In many ways, the deck is stacked against Walt and Ann Bealke.
They have come from different backgrounds, with complex family histories and challenges. This is the third marriage for both. In the U.S., almost three-quarters of all third marriages end in divorce. And yet, more than five years into this union, they are not just surviving, but thriving and helping other couples to do the same.
Walt’s first marriage lasted only a year and a half, and his second was fraught with difficulty from the beginning.
When he married his second wife, she brought with her a 3-year-old daughter named Victoria. Walt had never even planned to have children. Having not had a good role model in his own parents’ marriage, he was more than a little nervous to be a parent. But he persevered, legally adopting his step daughter 4 years later. Ten years into that marriage, his wife unexpectedly abandoned both Walt and Vicky.
In the wake of this messy divorce, Walt was welcomed into a local church, where he would eventually become a Christian. For the next ten years, Walt raised Vicky as a single father while he figured out what it meant to walk with Jesus.
Meanwhile, Ann experienced a different kind of abandonment. Fourteen years into her second marriage, Ann’s husband Chuck was diagnosed with severe emphysema. This caused enormous strain on Ann and their 5-year-old daughter, Laura. Many of Laura’s formative years were spent with a father being slowly killed by disease. By the time Chuck died 14 years later, the family had moved to Columbia, South Carolina, so Ann could pursue a master’s degree in Christian counseling.
Walt had briefly attended church with Chuck and Ann before they moved to Columbia, but they had not developed an especially close relationship. Five months after Chuck’s death, Walt and Ann reconnected at a singles event at church. A conversation turned into dating and finally into marriage.
While every marriage can have difficult moments, the complexities of the Bealkes’ remarriage provided a host of additional struggles. They had to figure out where they would live, as they each owned a house in a different state. Both had to navigate merging their families. For Walt in particular, it was strange to start a new family with Ann after 10 years as a single dad. Neither had dated or entered marriage as Christians before. As they have worked through these challenges, they have gleaned a lot of wisdom to pass on to the next generation of couples who find themselves in similar situations.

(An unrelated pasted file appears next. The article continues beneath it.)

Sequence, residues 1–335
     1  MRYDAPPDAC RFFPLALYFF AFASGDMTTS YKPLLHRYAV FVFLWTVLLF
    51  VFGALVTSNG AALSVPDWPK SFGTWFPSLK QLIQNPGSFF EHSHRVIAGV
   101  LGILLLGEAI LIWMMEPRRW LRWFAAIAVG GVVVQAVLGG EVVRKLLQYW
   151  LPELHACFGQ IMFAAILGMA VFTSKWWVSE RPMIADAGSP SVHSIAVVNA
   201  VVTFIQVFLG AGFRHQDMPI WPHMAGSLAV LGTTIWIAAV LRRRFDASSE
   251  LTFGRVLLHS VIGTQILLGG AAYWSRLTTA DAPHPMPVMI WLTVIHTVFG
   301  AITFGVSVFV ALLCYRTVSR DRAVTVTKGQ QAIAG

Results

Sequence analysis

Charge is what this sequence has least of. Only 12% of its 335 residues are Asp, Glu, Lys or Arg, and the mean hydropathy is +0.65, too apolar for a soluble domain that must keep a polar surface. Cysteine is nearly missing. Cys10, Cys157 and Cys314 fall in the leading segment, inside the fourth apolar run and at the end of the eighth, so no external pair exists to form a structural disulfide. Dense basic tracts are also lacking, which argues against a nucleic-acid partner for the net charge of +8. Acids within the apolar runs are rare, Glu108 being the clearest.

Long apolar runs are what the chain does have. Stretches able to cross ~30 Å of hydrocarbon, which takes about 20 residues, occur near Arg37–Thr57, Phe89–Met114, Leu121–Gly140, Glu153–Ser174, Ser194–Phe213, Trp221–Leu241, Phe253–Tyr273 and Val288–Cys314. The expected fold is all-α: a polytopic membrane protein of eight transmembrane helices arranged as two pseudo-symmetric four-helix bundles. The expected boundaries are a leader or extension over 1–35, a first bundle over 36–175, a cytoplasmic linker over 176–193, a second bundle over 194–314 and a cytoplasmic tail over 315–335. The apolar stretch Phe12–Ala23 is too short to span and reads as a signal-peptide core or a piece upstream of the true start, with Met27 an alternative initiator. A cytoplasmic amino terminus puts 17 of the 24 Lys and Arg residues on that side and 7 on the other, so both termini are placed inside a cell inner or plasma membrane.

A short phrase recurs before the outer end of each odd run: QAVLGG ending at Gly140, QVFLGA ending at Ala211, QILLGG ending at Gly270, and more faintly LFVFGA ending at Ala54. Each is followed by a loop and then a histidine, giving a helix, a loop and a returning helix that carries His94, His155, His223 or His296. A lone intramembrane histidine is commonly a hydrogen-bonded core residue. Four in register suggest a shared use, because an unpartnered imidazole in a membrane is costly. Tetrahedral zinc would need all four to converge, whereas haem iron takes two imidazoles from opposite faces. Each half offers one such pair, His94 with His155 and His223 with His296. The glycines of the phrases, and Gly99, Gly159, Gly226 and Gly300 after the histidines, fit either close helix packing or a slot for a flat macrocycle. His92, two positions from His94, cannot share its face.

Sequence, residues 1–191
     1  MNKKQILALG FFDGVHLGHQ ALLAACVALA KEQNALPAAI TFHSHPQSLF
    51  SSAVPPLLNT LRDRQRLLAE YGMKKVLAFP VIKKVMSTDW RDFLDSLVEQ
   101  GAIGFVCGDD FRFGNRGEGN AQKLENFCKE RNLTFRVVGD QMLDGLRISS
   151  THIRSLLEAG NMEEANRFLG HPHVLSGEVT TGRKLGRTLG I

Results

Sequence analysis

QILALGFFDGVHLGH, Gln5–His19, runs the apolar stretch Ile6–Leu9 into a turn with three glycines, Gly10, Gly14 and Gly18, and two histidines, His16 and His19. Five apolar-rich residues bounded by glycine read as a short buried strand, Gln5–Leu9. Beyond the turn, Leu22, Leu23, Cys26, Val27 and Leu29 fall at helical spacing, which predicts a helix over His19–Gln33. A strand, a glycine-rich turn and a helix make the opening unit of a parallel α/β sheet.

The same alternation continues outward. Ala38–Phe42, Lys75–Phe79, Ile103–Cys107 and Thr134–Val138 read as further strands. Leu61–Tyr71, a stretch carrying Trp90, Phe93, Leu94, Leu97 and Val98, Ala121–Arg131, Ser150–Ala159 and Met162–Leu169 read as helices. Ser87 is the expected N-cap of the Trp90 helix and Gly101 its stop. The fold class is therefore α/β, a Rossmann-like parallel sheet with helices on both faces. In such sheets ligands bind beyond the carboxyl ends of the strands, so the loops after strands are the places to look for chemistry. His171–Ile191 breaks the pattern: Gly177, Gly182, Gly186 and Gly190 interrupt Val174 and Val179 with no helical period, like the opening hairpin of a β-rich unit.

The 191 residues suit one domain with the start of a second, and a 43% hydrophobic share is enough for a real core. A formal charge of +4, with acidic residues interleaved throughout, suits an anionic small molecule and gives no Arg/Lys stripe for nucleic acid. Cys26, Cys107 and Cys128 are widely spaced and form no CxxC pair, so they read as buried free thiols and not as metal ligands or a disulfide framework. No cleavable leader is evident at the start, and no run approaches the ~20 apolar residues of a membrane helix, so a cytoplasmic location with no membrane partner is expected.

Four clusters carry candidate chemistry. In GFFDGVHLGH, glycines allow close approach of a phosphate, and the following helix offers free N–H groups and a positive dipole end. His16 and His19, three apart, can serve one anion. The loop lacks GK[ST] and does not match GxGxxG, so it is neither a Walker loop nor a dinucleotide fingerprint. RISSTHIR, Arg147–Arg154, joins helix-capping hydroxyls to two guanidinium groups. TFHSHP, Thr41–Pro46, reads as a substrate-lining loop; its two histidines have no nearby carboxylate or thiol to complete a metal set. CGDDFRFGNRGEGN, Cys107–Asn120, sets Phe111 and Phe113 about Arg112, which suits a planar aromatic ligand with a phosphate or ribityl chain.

1. Be patient through the transition.
Whether or not you have children, blending two families to make a new one is a huge transition. Tensions and emotions can run high. Everyone involved is learning a new way to live and establishing a new culture. The last thing you or your new family need is to feel rushed during an already difficult time.
2. Respect your step-children’s relationships with their parents.
There are many complex issues that factor into how you relate with your children’s parents. These range from the length of the previous marriage to the reason for its dissolutions. One way that Walt and Ann communicate the value of their children’s biological parents is to keep photos of their previous families in their new home. These serve as a reminder of where they, and their children, have come from.
3. Take an honest look at the past to redeem the future.
Whatever the reason your first marriage ended, there are certainly things that you can do to make this one better. When it comes to marriage, it’s worth remembering the old Lowe’s slogan: “Never stop improving.”
While it may be easier to blame your ex, or even your new spouse, for all the problems in your marriage, it’s important that you honestly and intentionally consider what role you play in contributing to troubles as well.
4. God has given you a legacy.
Just as a remarriage inevitably creates tension, it also opens the door for God to redeem painful pasts. While you can’t undo the pain or mistakes in your history, you can allow God to use them to show His goodness.
Walt and Ann have seen how good, and how bad, marriage can be, and they’re eager to pass that knowledge on to the next generation. If they can help just one couple to dodge the snares that entangled their previous unions, they’re happy.
Ultimately, Walt sums up much of his wisdom on the subject of marriage in one sentence: “Marriage can be hard, but it can also be very, very good.” Whether or not you are married, consider some steps that you can take today to improve your marriage for the future.
- If you, or someone you know, is in a blended family, check out FamilyLife® Blended’s upcoming Blended & Blessed conference. This free, livestreamed, one-day conference will look at the Five Keys to Stepfamily Success.
- Check out Richard D. Phillips’ book “The Masculine Mandate” or Cynthia Heald’s “Becoming a Woman of Excellence.”
- Read an encouraging story of a marriage surviving and thriving despite infidelity.